Whenever my neighbor sees me stepping out of my car with those telltale oversize plastic bags from the local thrift store, he invariably asks, “did you get me anything?” The answer, of course, is no, but I did once invite him along. Like other thrift store excursions accompanied by novices, it did not go well. I was fifteen minutes into what would have been at least a two hour long treasure hunt when he turned up at my side, empty handed and ready to go. “I couldn’t find anything,” he said, looking vaguely repulsed and disappointed. Apparently, the super-soft ACDC t-shirt of his dreams had not jumped off the rack, grabbed him by his dry-cleaned lapels, and screamed, “buy me, damn it!”

Nor had the skinny hipster ties and shapely flannel shirts surfaced. Instead, a layer of grime and 80s castoffs euthanized his dreams of emerging twenty dollars poorer, but ever more so stylish, ala Macklemore.

There are a variety of ways to approach thrift shopping, from the ironic search for the perfect white elephant gift to the frugal acquisition of a wardrobe for your underpaying job. I have mastered quite a few approaches in my twenty some years of thrifting, but my favorite is the Bucket List Method.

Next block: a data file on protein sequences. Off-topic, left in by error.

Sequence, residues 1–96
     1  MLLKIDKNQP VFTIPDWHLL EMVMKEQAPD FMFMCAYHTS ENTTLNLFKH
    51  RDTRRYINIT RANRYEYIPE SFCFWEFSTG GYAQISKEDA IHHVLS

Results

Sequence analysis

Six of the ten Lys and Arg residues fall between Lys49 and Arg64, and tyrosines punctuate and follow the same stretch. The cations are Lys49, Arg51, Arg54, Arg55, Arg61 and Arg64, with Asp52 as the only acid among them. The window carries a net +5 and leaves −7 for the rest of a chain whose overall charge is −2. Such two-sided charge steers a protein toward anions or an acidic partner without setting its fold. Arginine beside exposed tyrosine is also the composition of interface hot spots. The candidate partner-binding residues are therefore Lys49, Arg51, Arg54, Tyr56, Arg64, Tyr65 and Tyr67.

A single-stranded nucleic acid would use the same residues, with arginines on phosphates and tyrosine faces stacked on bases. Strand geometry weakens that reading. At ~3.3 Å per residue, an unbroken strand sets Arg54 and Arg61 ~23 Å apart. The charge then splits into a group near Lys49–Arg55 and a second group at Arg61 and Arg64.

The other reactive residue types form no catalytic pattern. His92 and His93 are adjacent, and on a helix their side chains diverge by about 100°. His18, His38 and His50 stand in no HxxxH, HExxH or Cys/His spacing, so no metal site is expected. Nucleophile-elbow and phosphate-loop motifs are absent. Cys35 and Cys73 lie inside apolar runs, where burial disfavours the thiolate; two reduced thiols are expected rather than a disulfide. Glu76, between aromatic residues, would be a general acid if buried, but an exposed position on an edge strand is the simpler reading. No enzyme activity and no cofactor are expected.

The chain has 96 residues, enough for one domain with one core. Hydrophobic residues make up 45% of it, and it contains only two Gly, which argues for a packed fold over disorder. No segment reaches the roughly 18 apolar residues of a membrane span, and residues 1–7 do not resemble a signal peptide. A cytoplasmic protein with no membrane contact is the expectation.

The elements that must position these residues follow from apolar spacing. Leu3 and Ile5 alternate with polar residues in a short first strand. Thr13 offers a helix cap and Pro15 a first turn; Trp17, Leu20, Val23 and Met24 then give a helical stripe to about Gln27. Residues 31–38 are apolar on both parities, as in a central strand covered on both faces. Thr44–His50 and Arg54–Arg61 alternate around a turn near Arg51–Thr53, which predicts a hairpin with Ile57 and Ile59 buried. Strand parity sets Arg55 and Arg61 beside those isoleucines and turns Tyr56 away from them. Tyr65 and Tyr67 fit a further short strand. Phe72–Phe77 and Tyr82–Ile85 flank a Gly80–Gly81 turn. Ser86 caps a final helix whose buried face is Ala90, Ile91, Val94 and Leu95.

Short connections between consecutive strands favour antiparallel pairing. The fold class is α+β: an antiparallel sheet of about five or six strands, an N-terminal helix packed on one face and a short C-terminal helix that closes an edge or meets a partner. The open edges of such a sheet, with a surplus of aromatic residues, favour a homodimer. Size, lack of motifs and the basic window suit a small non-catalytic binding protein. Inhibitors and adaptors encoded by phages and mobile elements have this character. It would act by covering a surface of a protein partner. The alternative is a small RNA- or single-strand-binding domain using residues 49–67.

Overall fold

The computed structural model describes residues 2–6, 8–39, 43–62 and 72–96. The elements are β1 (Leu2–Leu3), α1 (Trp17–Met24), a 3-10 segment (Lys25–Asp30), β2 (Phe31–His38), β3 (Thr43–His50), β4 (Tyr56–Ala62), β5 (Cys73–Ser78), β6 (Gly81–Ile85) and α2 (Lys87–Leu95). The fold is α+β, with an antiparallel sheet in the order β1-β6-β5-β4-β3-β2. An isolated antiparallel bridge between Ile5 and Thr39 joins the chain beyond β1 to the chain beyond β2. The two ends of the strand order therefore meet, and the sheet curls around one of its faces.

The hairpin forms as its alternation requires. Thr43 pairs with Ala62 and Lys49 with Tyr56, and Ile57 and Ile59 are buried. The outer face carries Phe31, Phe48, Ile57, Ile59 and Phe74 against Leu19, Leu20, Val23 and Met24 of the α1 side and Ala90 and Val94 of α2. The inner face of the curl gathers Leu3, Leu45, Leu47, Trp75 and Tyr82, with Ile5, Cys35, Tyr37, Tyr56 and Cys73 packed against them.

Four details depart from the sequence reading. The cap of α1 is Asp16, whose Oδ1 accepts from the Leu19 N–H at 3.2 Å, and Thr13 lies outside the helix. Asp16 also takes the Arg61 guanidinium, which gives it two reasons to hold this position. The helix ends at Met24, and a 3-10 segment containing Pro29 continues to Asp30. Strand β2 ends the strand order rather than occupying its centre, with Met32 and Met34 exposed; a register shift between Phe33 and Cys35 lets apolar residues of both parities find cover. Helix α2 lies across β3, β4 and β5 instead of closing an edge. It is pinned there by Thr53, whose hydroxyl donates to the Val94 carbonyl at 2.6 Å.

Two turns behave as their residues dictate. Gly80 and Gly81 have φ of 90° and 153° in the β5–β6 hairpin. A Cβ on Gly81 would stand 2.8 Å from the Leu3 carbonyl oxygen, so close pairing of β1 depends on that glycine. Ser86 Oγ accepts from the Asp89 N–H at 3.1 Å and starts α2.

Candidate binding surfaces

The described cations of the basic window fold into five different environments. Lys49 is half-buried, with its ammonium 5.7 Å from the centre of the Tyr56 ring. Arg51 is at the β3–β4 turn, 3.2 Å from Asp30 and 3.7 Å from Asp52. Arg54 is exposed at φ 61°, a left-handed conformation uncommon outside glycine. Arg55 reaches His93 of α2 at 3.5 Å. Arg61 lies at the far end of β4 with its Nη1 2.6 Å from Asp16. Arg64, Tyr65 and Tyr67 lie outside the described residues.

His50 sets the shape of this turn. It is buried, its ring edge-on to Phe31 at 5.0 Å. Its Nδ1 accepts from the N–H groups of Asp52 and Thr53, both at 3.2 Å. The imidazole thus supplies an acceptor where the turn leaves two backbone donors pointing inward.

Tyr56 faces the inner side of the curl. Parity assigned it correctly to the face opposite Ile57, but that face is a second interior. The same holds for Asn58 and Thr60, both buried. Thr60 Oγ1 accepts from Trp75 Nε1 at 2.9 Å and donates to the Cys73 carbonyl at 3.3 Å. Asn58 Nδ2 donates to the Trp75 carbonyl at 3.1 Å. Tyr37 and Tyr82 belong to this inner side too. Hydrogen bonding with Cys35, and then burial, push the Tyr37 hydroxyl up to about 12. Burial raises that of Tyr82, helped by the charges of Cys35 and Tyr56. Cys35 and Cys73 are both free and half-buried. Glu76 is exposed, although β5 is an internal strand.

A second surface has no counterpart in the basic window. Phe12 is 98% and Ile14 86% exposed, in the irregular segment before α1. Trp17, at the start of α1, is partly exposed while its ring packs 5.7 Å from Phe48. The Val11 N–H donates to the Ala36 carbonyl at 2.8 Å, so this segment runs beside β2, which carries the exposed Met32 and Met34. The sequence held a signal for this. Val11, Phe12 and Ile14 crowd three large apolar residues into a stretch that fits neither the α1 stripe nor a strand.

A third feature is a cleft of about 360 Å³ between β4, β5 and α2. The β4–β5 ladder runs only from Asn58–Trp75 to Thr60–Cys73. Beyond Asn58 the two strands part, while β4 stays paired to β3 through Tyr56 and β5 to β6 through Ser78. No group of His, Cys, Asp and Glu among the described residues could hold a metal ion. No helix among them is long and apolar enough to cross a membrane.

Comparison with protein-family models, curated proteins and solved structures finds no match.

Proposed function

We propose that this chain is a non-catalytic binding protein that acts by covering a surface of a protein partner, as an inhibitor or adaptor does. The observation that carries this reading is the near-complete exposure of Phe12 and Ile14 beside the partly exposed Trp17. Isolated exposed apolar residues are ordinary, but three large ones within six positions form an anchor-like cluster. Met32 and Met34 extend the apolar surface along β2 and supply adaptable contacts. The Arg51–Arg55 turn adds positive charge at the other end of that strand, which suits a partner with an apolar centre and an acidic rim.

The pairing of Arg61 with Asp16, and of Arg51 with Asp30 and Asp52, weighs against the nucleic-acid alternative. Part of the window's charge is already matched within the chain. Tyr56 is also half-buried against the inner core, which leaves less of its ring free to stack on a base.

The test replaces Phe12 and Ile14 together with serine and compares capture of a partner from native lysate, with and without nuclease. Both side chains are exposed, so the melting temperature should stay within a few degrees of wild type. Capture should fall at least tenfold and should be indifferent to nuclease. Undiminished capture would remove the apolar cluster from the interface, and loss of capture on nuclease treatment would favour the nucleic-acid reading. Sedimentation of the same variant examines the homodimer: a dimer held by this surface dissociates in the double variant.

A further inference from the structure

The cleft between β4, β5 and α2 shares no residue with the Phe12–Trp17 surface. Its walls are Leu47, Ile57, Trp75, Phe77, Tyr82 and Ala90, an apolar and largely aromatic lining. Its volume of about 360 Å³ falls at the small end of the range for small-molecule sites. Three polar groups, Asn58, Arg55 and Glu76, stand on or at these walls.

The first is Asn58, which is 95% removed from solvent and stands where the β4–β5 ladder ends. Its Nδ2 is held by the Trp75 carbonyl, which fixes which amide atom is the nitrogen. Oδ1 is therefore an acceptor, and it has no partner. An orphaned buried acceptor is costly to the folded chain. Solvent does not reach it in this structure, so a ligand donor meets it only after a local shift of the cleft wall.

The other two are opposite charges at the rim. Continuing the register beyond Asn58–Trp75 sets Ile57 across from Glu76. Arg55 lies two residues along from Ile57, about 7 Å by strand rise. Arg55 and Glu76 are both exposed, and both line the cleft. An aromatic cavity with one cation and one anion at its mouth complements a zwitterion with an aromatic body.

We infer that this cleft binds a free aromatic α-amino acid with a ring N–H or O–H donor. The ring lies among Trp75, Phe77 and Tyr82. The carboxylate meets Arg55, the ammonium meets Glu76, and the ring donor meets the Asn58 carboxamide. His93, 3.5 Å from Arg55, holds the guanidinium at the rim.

Having accumulated a grotesque amount of cheap tchotchkes and vintage dresses, I’ve applied the Bucket List Method in an effort to buy better and fewer items. Like a grocery list, the Bucket List prevents me from purchasing unflattering, unnecessary junk, and though thrift store inventories are ever changing, the Bucket List Method employs shopping with intention which if you know anything about modern spirituality at all, you know is a good thing.

Listen up. I’m about to share my Bucket List with you. I’m aware that this is pretty much gratification suicide as far as thrift shopping goes, but the Arcs, Savers, Goodwills, and St Vincent de Paul’s of the universe have been pretty generous with me, so I guess it’s time to pay it forward. And also there’s nothing sadder than the euthanized dreams of a novice.

  • Huaraches
  • Vintage Alarm Clock
  • Mom Jeans
  • Cloisonne Jewelry
  • Gold Silverware
  • Vintage Fan
  • Blusa Bordada
  • National Geographic T-Shirt
  • Oversize Circular Mirror
  • Painted, Porcelain Tea Cups

So take heart my vaguely repulsed and disappointed thrifting newbies, once you’ve generated your own amazing Bucket List, you too could emerge from the hallowed doors of your local thrift shop twenty dollars poorer, but ever more so stylish.

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